needs of most rather than all infants. The committee’s recommendation to provide complementary foods beginning at age 6 months is consistent with the most recent dietary guidance on complementary feeding (AAP, 2005; WHO, 2002; Kramer and Kakuma, 2002, 2004) and common guidelines for clinical practice in the field of pediatrics (Hendricks et al., 2001; Morris and Klein, 2000; AAP, 2001c; Rudolph and Rudolph, 2003).18
To make possible the gradual introduction of a variety of fruits and vegetables, the committee recommends the deletion of fruit juice and the addition of commercial baby food fruits and vegetables and fresh bananas to Food Package II for infants ages 6 months and older. The allowed foods span the range of textures appropriate for infants at different stages of development. To provide iron and zinc in forms with high bioavailability to meet the needs of fully breast-fed infants, the committee recommends the addition of commercial baby food meats for fully breast-fed infants beginning at age 6 months (Food Package II-BF). The package for fully breast-fed infants also provides additional baby food fruits and vegetables; the rationale is to provide additional nutritional value to improve the parity with other infant packages, to provide sufficient fruits and vegetables to mix with baby food meats to increase the palatability of strained meats for older infants, and to encourage prolonged breastfeeding by adding to the convenience and monetary value of the food packages of the fully breastfeeding mother/infant pair.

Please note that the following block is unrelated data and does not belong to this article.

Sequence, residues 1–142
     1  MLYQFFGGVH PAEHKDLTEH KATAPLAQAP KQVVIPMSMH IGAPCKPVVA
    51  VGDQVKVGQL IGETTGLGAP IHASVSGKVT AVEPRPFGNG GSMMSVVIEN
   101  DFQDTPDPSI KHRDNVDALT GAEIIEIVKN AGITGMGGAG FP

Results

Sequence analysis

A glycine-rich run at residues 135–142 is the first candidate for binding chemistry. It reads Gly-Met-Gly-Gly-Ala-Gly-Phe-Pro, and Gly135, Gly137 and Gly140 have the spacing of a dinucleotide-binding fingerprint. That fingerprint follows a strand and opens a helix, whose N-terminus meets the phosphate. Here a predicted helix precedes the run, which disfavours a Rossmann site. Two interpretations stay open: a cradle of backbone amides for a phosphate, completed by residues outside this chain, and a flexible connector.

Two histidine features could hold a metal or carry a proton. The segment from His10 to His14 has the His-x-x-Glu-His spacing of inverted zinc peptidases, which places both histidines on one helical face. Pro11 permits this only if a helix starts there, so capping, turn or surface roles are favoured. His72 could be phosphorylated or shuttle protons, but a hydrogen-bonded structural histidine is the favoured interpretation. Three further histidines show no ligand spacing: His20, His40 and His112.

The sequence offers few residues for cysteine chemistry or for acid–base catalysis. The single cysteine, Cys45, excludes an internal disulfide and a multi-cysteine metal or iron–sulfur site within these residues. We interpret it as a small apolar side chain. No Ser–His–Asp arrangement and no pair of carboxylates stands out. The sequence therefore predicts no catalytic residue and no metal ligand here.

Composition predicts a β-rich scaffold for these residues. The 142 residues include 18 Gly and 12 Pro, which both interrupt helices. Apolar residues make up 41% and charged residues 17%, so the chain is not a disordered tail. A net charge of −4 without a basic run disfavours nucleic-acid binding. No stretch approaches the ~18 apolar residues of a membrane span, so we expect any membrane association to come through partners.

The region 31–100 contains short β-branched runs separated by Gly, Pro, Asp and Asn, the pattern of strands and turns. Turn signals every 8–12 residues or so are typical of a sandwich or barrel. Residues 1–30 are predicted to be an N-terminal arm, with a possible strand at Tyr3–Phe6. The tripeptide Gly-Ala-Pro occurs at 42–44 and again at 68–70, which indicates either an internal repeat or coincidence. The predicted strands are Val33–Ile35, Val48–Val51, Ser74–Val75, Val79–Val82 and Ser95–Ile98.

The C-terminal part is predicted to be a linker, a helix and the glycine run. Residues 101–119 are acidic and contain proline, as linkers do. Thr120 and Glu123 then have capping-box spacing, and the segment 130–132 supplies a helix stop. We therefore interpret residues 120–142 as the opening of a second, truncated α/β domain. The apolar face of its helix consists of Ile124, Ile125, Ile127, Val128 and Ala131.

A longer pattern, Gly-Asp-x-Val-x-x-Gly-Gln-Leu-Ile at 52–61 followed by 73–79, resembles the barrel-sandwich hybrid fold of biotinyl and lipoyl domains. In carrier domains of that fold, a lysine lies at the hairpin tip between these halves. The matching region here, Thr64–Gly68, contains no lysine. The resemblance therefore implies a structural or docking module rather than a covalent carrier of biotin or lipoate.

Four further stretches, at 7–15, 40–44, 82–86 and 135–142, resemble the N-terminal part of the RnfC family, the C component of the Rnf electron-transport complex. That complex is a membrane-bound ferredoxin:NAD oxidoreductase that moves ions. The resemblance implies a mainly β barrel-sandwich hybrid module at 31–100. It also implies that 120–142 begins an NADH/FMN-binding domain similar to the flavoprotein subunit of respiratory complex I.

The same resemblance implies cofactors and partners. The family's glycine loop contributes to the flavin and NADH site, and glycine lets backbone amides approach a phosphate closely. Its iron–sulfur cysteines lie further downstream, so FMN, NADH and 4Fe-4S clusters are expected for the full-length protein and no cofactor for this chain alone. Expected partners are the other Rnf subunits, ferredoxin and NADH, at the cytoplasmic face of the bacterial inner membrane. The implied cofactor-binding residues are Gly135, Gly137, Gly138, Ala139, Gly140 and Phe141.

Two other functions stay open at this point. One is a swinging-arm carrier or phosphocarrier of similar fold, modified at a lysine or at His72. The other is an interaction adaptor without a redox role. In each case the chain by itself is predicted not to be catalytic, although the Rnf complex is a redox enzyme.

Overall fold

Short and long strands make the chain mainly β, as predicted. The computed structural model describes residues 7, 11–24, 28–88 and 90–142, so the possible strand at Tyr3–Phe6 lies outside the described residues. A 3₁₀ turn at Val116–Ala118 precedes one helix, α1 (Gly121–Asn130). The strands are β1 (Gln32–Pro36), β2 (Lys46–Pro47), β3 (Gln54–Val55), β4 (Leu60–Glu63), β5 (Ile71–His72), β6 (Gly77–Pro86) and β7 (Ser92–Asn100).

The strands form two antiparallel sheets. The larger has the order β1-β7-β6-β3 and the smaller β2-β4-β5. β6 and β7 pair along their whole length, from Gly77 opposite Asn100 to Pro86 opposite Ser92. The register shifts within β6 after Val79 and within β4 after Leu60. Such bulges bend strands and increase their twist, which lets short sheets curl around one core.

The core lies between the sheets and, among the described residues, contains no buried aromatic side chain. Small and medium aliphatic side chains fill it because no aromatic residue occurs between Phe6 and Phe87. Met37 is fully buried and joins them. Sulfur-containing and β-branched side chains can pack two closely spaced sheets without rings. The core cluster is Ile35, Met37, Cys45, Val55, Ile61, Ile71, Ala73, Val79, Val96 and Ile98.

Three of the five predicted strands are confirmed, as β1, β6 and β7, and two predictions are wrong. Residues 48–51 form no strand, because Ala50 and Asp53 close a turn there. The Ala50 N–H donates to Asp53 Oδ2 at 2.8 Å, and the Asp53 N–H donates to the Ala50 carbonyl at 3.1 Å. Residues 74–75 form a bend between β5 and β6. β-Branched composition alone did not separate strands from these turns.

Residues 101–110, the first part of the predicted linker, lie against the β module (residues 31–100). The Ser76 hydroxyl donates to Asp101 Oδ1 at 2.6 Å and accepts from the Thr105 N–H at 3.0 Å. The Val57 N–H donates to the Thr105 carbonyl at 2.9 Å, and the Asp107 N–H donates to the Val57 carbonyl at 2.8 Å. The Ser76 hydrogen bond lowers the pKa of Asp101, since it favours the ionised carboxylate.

The recommendations for the milk fat content are consistent with AAP recommendations of whole milk for children who are one year of age and fat-reduced milk for older children (AAP, 2004). The exclusion of dried fruit from the processed fruit and vegetable options for children (see Table 4-3) is intended to reduce the risk of choking posed by that form of fruit (AAP, 2004).
Overweight and obesity in children and adults largely outranks undernutrition as a significant public health concern (DHHS/PHS, 1988; NRC, 1989a; IOM, 1991, 2004a; Kessler, 1995; Koplan and Dietz, 1999; Mokdad et al., 1999, 2000, 2004, 2005; DHHS, 2001). Moreover, prevalences of overweight and obesity are especially high in subpopulations that are overrepresented in the WIC population (Flegal et al., 2002, Kumanyika et al., 1999; Paeratakul et al., 2002; Wardle et al., 2002).